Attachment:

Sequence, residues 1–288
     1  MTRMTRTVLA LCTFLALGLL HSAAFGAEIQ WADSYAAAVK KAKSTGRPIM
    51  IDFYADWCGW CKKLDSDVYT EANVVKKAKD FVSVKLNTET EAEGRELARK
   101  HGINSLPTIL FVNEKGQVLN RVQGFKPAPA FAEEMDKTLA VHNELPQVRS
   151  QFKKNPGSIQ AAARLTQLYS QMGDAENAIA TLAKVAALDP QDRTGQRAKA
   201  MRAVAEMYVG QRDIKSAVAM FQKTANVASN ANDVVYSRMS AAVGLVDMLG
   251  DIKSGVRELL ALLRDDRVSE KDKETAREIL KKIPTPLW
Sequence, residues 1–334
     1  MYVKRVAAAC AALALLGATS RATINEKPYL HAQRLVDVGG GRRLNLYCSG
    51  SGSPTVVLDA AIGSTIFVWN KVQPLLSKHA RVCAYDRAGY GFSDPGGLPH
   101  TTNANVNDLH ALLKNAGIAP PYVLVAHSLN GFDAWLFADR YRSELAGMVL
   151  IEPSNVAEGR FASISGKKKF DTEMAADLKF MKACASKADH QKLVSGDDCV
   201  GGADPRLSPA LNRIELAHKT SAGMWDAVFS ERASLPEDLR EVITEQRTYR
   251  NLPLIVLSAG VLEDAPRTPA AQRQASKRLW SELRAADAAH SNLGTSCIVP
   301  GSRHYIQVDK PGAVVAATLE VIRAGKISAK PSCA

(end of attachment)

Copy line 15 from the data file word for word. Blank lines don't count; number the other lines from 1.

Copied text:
   301  GSRHYIQVDK PGAVVAATLE VIRAGKISAK PSCA